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Thursday, March 4, 2021

Cultural Trail disrespects Fred Wilson and community; IMA disrespects Black workers

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After interviewing artist Fred Wilson, whose controversial “slave” design for the Cultural Trail has engendered much discussion and controversy, I have a better understanding of what he’s trying to do.

Interviewed the day after an abysmally facilitated meeting at the Madame Walker Theatre, Wilson came across as a principled artist with a particular vision he wants placed in Indianapolis’ downtown.

The problem is Wilson’s vision is totally unrealistic, given the longstanding problems the Indianapolis cultural community has with its largest minority community.

In our exclusive, unedited interview on WTLC-AM (1310’s) “Afternoons with Amos,” Wilson said he hoped his work would be the catalyst for encouraging more African-American oriented public art in Indianapolis, whether downtown or in our neighborhoods.

The problem is 108 years after the only African-American statue image (of a slave) was placed downtown, our African-American community believes it’ll be another 108 years before more Black public art will be financed here.

Wilson’s visit also exposed the hypocrisy, insensitivity and borderline bigotry of Indy’s mainstream cultural community.

The Indianapolis Cultural Trail invited Wilson to explain his artistic vision at a public meeting at the Walker. Trail officials knew the deep feelings Wilson’s vision had generated in our community, especially after teacher and former IPS Board member Leroy Robinson’s letter was published in this newspaper.

So, adding fuel to the fire, the trail officials hired a Black total stranger to our community, a professional facilitator from Minneapolis, to facilitate the meeting.

It was a train wreck. The trail’s hired gun couldn’t handle those who wanted a fair opportunity to articulate their views in opposition to Wilson and the Cultural Trail’s leadership.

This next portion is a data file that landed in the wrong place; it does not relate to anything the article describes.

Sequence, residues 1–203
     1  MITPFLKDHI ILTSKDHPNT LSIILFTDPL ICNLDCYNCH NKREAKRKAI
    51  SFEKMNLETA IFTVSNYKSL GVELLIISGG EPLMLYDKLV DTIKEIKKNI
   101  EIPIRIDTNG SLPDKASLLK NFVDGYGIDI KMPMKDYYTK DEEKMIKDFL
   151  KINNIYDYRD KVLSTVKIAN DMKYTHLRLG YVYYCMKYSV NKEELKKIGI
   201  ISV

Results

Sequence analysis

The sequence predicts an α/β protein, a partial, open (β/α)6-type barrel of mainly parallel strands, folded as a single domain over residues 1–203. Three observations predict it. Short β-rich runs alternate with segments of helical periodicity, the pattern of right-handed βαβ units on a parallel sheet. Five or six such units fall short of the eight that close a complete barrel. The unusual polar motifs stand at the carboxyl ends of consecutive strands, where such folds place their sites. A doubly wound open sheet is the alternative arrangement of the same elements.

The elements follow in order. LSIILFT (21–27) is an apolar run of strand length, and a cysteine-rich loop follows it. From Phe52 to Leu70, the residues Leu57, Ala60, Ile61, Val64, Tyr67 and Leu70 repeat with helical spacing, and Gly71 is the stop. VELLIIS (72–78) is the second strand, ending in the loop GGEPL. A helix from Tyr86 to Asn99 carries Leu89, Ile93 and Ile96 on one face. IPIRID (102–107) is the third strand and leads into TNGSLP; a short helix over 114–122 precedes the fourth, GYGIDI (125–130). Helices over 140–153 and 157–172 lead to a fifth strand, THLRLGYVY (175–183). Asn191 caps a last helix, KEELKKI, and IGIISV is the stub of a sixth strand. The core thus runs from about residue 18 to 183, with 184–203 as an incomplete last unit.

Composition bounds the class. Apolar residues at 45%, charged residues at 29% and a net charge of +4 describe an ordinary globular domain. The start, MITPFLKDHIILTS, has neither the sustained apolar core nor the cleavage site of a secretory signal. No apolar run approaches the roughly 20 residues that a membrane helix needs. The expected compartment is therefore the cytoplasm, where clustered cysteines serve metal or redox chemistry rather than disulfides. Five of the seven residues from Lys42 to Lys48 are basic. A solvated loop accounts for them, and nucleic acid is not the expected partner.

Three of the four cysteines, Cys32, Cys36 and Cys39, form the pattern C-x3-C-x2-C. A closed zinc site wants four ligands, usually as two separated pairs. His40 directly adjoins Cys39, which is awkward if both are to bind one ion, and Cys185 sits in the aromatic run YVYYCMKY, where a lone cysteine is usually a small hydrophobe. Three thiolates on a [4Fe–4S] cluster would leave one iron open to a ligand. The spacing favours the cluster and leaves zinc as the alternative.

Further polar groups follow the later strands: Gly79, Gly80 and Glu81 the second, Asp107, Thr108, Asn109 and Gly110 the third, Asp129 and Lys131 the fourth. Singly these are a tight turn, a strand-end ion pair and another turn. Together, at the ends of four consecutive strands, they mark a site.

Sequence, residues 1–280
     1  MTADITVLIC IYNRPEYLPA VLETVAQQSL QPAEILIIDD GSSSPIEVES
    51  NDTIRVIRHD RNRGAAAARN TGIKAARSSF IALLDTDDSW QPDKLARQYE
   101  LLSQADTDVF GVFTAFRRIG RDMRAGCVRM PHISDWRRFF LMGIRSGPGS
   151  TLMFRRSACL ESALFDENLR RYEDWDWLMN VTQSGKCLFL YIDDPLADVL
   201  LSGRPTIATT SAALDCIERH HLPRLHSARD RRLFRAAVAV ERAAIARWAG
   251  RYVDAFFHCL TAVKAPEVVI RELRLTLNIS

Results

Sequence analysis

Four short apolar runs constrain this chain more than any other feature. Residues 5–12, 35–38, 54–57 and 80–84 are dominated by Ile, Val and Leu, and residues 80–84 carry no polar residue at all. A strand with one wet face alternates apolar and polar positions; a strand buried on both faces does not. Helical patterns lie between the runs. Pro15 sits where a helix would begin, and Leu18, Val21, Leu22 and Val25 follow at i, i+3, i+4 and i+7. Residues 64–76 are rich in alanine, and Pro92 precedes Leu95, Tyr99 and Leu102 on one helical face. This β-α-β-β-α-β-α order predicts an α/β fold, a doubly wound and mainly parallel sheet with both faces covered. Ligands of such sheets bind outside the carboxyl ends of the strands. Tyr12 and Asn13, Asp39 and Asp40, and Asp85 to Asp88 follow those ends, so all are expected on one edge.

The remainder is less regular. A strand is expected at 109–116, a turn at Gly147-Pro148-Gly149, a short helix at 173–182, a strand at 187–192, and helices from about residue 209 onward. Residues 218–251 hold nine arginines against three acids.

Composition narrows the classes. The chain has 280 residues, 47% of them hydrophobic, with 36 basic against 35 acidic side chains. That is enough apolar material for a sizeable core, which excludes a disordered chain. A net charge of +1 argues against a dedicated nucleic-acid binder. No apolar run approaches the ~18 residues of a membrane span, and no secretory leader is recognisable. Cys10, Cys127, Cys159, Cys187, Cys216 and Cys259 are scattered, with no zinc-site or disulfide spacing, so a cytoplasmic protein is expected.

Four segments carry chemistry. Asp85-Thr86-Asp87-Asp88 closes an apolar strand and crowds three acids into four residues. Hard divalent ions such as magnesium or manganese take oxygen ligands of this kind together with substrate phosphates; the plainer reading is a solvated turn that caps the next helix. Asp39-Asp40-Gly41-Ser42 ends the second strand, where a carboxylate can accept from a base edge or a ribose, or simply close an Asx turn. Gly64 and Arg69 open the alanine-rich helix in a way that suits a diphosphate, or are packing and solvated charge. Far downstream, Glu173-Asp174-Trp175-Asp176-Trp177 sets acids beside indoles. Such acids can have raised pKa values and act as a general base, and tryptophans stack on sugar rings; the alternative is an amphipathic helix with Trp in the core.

Trail officials also disrespected Wilson by giving him a cursory introduction. Never has any African-American “celebrity” or “renowned” individual received such a shabby introduction in such a historic theater.

In our live interview, Wilson said that the Cultural Trail approached him to create art for the trail. Wilson’s E Pluribus Unum “slave” idea was his only proposal. A trail committee signed off on Wilson’s idea; offering no objections or pushback.

Two of the 12 members of the committee are African-American. (A poor representation in a 27 percent Black city).

At the Walker event and in an interview in September, the Cultural Trail’s biggest cheerleader, Brian Payne, and trail curator Mindy Taylor Ross continued to insult our community by repeatedly refusing to say who are the African-Americans on the trail’s committee that oversaw and OK’d Wilson’s proposal.

Let me tell you who they are. One is Jay Parnell, described by the trail as “an individual artist.” Parnell was made available to talk to media last week; but not Black media.

The other is Fred Shields, co-founder of Primary Colours, a “local non-profit artist collective and art organization.”

Parnell and Shields may be African-American, but they have no connection to our African-American community, especially our Black cultural institutions. In fact, no one from any Black cultural institution is represented on the Cultural Trail’s committee. The only Black organization listed as a “community partner” is the Urban League.